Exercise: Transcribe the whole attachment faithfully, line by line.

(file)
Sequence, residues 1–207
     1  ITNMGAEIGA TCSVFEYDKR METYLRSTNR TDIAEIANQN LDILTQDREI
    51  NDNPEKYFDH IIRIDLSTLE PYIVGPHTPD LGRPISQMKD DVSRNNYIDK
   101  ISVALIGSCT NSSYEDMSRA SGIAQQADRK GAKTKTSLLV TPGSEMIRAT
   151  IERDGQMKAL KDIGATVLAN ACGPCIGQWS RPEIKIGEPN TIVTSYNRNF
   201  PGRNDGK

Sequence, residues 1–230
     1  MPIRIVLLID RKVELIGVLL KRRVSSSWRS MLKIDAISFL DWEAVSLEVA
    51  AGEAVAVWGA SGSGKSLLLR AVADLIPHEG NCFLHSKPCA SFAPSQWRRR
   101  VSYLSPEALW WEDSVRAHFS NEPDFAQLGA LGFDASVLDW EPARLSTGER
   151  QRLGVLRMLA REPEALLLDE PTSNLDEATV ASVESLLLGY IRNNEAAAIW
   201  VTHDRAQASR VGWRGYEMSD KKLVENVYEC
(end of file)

Sequence, residues 1–207
     1  ITNMGAEIGA TCSVFEYDKR METYLRSTNR TDIAEIANQN LDILTQDREI
    51  NDNPEKYFDH IIRIDLSTLE PYIVGPHTPD LGRPISQMKD DVSRNNYIDK
   101  ISVALIGSCT NSSYEDMSRA SGIAQQADRK GAKTKTSLLV TPGSEMIRAT
   151  IERDGQMKAL KDIGATVLAN ACGPCIGQWS RPEIKIGEPN TIVTSYNRNF
   201  PGRNDGK

Sequence, residues 1–230
     1  MPIRIVLLID RKVELIGVLL KRRVSSSWRS MLKIDAISFL DWEAVSLEVA
    51  AGEAVAVWGA SGSGKSLLLR AVADLIPHEG NCFLHSKPCA SFAPSQWRRR
   101  VSYLSPEALW WEDSVRAHFS NEPDFAQLGA LGFDASVLDW EPARLSTGER
   151  QRLGVLRMLA REPEALLLDE PTSNLDEATV ASVESLLLGY IRNNEAAAIW
   201  VTHDRAQASR VGWRGYEMSD KKLVENVYEC